Another important lesson I learned is "hedonic adaptation" or hedonic treadmill - it's the simple fact that our brains get used to stuff pretty quickly. This works both ways: we return to a stabilized level of happiness after experiencing either major positive or negative events in life. For example, I'll be very happy the moment I drive a new car out of the lot, and I'll be cherishing my new car weeks or months after it. But that happiness won't be sustained. My mind will be used to "having" this car. Because I'll always have this car. My level of happiness will be adjusted and stabilized. I won't wake up a year from when I bought the car and be super excited about the car anymore.

This is the key reason why good stuffs won't give us lasting happiness. Professor Santos suggests it's almost always better to spend money on experiences than things, simply because experience won't last forever. 

More to come in Part 2, where I shared the good habits I learned from the lecture, and what are the things that actually make us happy!

Friday, June 7, 2019

First Post on the New Microsoft Surface Pro 6

I came home today from a week-long business trip in Orlando. What waited for me was a pleasant surprise - a brand new Microsoft Surface Pro 6!

Two weeks ago, I came across the new Microsoft Surface Go and thought it was a nice portable tablet. However, I have a desktop, a Macbook Pro (which my husband uses for leisure primarily) and an iPad Pro at home...There is no hard need for another tablet/laptop. Therefore, even I quite like the Surface series after checking them out in store, I simply couldn't justify the purchase.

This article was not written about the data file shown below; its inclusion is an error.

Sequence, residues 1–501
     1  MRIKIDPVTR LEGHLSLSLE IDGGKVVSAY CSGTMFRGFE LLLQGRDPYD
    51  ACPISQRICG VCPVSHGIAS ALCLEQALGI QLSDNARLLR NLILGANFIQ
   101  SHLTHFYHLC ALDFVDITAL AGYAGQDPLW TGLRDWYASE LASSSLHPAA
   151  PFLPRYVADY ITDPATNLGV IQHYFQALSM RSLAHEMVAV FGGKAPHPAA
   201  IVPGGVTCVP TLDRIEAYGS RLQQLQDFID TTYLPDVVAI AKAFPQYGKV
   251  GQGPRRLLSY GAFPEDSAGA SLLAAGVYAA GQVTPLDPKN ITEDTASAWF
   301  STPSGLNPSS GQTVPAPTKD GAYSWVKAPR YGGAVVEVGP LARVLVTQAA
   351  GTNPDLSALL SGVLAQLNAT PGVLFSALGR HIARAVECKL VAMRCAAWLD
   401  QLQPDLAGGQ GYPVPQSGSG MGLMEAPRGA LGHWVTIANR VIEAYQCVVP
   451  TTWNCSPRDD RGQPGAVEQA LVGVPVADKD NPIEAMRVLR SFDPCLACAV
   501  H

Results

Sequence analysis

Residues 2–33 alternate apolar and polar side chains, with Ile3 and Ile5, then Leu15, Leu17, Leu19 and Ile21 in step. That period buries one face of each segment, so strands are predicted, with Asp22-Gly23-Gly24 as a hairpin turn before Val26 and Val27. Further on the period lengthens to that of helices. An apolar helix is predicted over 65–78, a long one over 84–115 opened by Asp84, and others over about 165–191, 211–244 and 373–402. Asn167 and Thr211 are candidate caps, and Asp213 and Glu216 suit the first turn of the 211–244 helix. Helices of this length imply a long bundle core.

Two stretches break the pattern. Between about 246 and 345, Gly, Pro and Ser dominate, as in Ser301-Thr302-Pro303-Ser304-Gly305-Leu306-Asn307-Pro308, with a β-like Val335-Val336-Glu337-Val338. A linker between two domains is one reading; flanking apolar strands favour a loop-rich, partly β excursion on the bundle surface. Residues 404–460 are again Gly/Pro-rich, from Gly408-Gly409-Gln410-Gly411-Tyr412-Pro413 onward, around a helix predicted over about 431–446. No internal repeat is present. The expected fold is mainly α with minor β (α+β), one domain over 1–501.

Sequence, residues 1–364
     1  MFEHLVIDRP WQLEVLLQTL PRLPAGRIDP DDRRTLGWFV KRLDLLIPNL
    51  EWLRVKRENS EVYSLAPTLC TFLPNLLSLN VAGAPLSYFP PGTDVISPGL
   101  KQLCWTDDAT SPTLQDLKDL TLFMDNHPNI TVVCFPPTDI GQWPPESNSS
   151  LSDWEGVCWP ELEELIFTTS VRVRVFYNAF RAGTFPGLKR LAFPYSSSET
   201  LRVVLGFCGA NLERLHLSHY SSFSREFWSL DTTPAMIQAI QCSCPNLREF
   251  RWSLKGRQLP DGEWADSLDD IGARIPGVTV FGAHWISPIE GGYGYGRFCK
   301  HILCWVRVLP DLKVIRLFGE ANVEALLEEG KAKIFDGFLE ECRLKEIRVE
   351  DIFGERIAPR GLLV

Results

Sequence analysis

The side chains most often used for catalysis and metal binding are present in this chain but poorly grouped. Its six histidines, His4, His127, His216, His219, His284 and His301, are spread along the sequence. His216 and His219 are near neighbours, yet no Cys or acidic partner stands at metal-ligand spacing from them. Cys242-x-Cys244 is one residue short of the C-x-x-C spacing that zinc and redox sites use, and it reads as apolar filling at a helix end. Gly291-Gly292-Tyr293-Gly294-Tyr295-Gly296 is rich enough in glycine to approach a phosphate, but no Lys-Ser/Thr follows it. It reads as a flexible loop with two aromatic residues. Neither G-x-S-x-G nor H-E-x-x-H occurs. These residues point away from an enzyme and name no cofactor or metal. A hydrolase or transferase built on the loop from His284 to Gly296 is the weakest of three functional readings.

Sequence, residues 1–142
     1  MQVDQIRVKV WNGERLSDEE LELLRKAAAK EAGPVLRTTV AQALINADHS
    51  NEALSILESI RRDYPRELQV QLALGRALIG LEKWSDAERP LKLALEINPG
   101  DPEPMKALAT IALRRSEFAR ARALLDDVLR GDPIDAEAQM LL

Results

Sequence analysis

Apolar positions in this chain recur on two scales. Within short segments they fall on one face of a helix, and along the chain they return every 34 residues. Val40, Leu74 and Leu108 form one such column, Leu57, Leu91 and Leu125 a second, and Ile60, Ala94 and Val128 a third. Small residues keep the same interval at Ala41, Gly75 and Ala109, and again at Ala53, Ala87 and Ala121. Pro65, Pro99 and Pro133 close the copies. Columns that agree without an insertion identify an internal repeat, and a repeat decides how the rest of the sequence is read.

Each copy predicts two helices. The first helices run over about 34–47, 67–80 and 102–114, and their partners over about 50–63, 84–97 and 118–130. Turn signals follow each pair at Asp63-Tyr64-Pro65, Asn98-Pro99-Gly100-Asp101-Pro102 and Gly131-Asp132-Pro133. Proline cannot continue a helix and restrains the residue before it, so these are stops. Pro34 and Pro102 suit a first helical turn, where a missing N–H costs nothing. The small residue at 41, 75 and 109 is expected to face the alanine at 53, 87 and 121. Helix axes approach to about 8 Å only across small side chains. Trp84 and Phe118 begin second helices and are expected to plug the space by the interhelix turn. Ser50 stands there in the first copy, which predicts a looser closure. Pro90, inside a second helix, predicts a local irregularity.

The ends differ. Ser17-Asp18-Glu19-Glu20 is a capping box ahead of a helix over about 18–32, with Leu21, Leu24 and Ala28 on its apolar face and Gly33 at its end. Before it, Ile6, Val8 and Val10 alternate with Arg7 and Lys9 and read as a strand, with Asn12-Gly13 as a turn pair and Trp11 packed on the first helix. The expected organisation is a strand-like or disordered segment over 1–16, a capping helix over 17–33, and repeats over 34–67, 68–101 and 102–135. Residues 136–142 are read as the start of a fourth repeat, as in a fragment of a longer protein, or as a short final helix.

I was so happy that Steve bought it as a birthday gift. But at the same time I wasn't sure if I should keep it. It seems extravagant given it's more of a want vs. need. Recalling back in college, my mom bought me an iPod MP3. I used it to listen to English exclusively for 6 months and scored high on TOEFL exam before using the iPod for listening to music at all.

So...to justify keeping the Surface Pro, I decided to give blogging another try. It's such a coincidence that I was planning to pick it up anyway. Blogging is a great way to capture and share my thoughts on the books and podcasts I read and listen to.

Let's see how I do!



Postpartum Support Group

Today I attended the first postpartum support group zoom meeting. It's a great experience. I wish I had joined it earlier. Most particip...